Harder on the parent

Posted by jdg | Tuesday, September 11, 2007 | ,

I have just left Juniper screaming for me in a room somewhere. Today is her second day of preschool. After I spend a few minutes in the classroom trying to get her to calm down to a point where she could say something without all the mottled cheeks and snot bubbles and tears and tears and tears, I make my final, confident, I'm-so-proud-of-you goodbye, and one of her classmates says to me, "Where are you going?" and the waterworks start all over again. Her teacher shoos me away and intercepts a screaming Juniper, picking up the tangle of kicking legs and arms reaching for me and I rush out into the hallway, shutting the door behind me and standing against it with the relief of a horror movie heroine after a narrow escape, and as I stop to breathe the entire school echoes with her hollering. Dada. I want my dada. Dada don't leave me. Dada don't go outside. Hold me and keep me nice and safe. Dada hold me and keep me nice and safe. And then it's just screaming. Gargoyles up twenty stories all around downtown Detroit crane their necks away from it; stained-glass windows collapse in deadly, saintly shards; birds are rousted from their nests on Belle Isle, as far south as Canada, and Ohio; Aretha Franklin hears the High C and snaps a Z.

In this moment, all anger and frustration and that unfathomable parental longing to do what feels right even when it will only cause further harm, I bang the back of my head against the door and then scoot away in fear that Juniper might know it's me there, I'm just twisting the knife in deeper and deeper by being there, mere feet away, while she feels so abandoned and so alone. And then I'm crying too, and I'm angry while I'm crying, because she's made me so utterly helpless. Other teachers find me with mottled cheeks standing against the lockers and they say, "You must be the father of the screaming child," and I say, "That's right," with a mixture of shame and pride, shame that I'm crying and shame that I've coddled her and shame that she's not quiet and accepting of her fate like the other kids; and there is also pride, this strange defensive pride I can't explain, a mixture of "how dare someone else have any negative opinion about my kid, she's perfect just like she is," and the sick, selfish pride of being loved and needed so badly that she can hardly tolerate life without me, and perhaps also some pride in the knowledge that this is how I was, how I've always been, a pride at how she cries just like me, her face twisting up while she chokes on words just like I always did whenever I had to part with someone I loved for some reason I didn't understand, a pride that she is turning out to be just like me.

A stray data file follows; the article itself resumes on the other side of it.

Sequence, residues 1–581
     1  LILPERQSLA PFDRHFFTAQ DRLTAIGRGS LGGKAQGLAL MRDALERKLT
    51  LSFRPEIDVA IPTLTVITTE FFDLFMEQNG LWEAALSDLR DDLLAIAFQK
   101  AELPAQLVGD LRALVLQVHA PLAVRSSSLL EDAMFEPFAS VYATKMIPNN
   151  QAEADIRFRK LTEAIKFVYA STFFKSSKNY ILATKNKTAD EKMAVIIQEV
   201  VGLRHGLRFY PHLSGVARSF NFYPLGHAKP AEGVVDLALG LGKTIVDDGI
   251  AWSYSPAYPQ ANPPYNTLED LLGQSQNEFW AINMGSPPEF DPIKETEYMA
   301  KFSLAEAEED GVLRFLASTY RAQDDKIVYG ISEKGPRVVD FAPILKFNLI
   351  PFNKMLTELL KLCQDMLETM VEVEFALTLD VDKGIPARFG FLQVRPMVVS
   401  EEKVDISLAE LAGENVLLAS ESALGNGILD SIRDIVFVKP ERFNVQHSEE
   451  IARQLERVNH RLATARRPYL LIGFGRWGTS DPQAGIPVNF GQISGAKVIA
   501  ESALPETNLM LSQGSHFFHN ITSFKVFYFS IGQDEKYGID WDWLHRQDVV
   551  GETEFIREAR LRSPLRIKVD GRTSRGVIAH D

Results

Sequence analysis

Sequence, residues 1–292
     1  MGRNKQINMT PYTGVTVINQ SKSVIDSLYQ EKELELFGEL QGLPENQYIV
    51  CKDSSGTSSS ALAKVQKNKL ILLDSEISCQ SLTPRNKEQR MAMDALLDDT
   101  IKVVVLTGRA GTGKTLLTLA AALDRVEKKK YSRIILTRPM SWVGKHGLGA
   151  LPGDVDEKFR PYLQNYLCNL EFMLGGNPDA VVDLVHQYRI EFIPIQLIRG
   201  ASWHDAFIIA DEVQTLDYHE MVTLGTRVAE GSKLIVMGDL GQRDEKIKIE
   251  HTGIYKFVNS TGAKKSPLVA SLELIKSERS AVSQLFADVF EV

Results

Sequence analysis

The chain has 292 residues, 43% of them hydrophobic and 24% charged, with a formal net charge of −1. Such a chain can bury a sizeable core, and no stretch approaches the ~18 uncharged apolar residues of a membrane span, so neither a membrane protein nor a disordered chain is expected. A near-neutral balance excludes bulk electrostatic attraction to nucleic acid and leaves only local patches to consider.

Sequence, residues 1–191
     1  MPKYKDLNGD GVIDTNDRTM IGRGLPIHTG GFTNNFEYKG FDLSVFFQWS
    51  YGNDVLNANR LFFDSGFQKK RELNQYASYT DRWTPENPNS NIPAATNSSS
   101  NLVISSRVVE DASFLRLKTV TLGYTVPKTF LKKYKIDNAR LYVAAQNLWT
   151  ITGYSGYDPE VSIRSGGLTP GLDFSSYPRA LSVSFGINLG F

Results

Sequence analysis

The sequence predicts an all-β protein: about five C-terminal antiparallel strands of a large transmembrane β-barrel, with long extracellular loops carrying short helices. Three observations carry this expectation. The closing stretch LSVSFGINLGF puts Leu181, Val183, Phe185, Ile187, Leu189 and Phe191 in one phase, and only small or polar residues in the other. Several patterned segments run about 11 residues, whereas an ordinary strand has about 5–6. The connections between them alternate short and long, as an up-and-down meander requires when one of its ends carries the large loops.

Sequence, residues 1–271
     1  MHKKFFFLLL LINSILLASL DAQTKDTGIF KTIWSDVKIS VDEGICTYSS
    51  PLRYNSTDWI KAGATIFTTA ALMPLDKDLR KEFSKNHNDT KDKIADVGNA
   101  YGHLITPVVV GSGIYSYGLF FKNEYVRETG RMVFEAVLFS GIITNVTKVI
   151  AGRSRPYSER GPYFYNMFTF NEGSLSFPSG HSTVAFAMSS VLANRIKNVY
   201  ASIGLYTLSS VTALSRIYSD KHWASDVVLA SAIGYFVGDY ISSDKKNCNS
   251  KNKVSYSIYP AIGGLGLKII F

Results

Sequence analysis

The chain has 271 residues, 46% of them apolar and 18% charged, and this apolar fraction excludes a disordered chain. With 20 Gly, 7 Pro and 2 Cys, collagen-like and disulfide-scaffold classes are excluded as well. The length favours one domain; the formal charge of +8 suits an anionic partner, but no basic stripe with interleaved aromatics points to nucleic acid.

Anger and concern and frustration and helplessness and shame and a curious pride, all this in me as I grip the steering wheel and drive away. I remember some trite condolence: "It's harder on the parent than the kid." Of course she will be okay when I get back there. Of course she will hardly notice I've returned. This cleaving of apronstrings is necessary. This unwelcome helplessness, just another curse of parenthood. This was the first of many such partings, of a lifetime of parting. If I'm lucky, it may never be too easy for her.